Pitch Over

Now Armstrong and Aldrin were traveling feet first, face down, in order to visually verify their altitude. This was the only landing to come in face down this way, a safety feature that the astronauts had suggested during training.2

Then came the first indication they'd be facing something other than a perfect landing. A few minutes after the PDI burn, Armstrong recognized a landmark out the window, a crater called Maskelyne W. But it came across his window two or three seconds early. ''Okay, we went by the three-minute point early. We're long.'' Aldrin had his head inside the cockpit, looking at the AGS and PNGS. Armstrong, again, to Houston: ''Our position checks down range show us to be a little long.'' Flight controllers confirmed Armstrong's reading.

Why was Eagle flying long? They were going just a little too fast. A number of problems could have pushed them ahead. The lunar gravity map was incomplete and could not yet account for the strange concentrations of mass, or ''mascons'' that peppered the moon and would subtly pull the spacecraft and alter the trajectory. Also, when the LM separated from the command module, somehow it picked up a little extra velocity. Flight Director Gene Kranz believed it came from a little extra air pressure caught in the docking tunnel, or perhaps it resulted from the LM's maneuvers around the CSM.3 Considering they had just come a quarter of a million miles, we can marvel they would even be aware of such a discrepancy, let alone be concerned about it. But the landing site had been precisely placed, and this extra velocity would cause them to miss it by several miles. Armstrong would miss the landmarks he had carefully memorized.

Still, everything else was going well. On the ground's intercom loop, Gene Kranz queried his team: ''Go to continue powered descent?'' The engineers yelled their affirmations with nervous enthusiasm: ''FIDO: Go.'' ''Guidance: Go.'' ''EECOM: Go.'' ''Surgeon: Go.'' To save time on the voice loop, Kranz just acknowledged ''Rog.''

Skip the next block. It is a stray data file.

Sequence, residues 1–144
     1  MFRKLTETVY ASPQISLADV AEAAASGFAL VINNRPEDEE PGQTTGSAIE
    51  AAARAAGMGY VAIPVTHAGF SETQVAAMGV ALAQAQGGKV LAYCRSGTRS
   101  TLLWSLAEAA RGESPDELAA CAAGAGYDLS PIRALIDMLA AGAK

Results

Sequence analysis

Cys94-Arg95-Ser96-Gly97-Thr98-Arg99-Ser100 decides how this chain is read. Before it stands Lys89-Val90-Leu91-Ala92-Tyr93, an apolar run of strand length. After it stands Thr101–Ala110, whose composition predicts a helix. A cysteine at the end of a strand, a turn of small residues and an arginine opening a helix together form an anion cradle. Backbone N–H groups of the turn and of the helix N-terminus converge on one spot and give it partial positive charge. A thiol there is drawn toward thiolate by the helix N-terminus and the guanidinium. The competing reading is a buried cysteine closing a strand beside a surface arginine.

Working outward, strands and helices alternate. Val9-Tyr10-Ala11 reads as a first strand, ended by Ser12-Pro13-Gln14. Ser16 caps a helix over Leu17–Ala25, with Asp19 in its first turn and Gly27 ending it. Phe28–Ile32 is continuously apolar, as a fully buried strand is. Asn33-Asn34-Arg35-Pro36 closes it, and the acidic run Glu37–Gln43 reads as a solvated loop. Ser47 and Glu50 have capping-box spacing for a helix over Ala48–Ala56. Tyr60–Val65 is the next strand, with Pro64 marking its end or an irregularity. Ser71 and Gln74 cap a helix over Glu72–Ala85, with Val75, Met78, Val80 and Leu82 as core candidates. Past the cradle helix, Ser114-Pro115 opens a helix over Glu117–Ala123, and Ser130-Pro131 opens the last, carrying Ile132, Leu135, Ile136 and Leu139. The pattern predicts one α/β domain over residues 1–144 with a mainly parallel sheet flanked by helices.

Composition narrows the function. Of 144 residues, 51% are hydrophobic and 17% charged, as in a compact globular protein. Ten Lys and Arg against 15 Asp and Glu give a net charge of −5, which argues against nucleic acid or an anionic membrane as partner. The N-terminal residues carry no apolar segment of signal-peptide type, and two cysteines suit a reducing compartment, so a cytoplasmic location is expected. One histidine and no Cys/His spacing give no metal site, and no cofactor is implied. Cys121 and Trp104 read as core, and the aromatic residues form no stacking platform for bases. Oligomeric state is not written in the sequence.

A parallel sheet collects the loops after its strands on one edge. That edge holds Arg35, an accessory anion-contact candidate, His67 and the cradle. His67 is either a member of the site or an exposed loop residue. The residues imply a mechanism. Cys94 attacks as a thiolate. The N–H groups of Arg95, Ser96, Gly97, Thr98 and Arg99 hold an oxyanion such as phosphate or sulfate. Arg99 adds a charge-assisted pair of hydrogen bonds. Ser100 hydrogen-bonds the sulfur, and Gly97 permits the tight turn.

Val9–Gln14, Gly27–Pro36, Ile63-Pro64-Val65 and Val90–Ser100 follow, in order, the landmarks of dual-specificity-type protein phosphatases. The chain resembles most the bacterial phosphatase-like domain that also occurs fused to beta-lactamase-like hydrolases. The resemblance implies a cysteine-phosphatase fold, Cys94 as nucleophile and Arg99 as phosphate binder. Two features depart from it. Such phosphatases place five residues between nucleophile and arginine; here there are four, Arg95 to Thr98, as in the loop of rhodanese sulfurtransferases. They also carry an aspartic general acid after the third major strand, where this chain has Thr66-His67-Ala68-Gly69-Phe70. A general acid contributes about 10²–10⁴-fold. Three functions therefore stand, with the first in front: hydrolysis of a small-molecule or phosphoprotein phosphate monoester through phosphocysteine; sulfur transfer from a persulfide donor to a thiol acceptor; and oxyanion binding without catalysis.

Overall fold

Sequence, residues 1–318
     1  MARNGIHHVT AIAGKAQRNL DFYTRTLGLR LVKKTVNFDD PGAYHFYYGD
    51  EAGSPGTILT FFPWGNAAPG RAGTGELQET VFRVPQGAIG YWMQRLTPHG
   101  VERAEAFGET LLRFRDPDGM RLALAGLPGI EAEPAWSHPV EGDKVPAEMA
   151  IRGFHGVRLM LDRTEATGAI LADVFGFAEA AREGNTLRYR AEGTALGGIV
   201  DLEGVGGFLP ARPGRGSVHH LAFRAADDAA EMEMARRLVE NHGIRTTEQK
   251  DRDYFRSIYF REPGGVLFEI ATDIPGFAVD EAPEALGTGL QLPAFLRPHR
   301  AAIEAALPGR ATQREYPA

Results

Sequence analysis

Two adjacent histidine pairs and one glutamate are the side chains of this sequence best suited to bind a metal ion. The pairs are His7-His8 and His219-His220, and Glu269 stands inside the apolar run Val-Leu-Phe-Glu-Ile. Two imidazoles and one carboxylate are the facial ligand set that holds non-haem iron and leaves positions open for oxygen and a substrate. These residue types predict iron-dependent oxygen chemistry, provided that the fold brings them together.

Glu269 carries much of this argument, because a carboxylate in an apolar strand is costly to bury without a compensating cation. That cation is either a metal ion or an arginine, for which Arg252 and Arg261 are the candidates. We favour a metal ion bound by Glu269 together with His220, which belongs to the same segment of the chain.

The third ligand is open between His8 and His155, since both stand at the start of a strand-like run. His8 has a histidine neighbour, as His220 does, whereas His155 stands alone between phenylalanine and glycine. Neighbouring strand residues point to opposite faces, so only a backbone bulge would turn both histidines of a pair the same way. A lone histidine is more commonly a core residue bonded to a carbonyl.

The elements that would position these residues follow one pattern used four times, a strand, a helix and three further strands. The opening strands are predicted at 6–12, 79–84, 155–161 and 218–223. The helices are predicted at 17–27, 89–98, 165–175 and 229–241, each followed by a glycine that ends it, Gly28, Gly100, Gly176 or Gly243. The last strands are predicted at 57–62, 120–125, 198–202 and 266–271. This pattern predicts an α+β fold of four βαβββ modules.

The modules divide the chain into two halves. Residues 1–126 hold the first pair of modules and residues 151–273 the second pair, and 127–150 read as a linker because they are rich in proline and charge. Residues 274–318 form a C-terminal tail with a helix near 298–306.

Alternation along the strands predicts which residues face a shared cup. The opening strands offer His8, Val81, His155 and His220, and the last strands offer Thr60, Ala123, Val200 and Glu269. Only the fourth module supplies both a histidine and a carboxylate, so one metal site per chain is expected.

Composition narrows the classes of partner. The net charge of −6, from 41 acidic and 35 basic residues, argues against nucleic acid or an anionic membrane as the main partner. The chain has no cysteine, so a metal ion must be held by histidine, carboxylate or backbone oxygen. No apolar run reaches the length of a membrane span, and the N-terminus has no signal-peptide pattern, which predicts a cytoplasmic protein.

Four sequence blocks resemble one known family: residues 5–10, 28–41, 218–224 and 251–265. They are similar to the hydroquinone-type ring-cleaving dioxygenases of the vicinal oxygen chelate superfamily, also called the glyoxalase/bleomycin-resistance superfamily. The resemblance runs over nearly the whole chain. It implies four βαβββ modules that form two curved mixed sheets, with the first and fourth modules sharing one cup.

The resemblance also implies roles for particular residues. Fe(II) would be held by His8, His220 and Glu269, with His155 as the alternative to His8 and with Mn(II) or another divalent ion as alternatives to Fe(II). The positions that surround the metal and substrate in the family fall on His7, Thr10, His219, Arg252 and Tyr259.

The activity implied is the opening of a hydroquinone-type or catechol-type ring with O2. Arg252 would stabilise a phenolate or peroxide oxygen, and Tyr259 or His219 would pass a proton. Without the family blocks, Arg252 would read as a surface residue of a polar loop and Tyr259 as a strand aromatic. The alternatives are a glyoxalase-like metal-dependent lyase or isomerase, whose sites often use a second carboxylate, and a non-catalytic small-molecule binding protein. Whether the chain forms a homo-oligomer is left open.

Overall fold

Four minutes into the burn.

Now Armstrong yawed over—using his right-hand stick, he rotated the spacecraft around the axis of the descent engine, bringing the two astronauts' eyes to face the sky. They could no longer see the moon they were about to touch;now they were looking up at the earth, their backs to the lunar surface. Another problem: the rotation was moving too slowly, taking longer than planned. Armstrong realized the switch that determined the rotation rate was in the wrong position. He switched it and the LM quickly yawed around.4

The landing radar was on the other side of the LM from the windows, and the yaw over pointed it down toward the surface. The slow rotation meant the radar took longer than expected to lock on the ground. But it did lock on, at 37,000 feet, and thus resolved one of the major uncertainties in the program.

Aldrin keyed in Verb 16 Noun 68, to display the DELTAH, asking, in effect, ''how different was the altitude reading from the radar from the one calculated inside the computer?'' The computer had pulled its position literally from outer space, from its inertial positions and ground updates, whereas the landing radar was providing ground truth—the first time these ethereal calculations were checked against hard moon rocks. The state estimator in the computer ate this sort of data for lunch. As long as the DELTAH was not too large, the computer could incorporate it and adjust its solution. The display read ''-2900'' to Aldrin. The two solutions were less than three thousand feet apart, within acceptable limits according to the paper chart.

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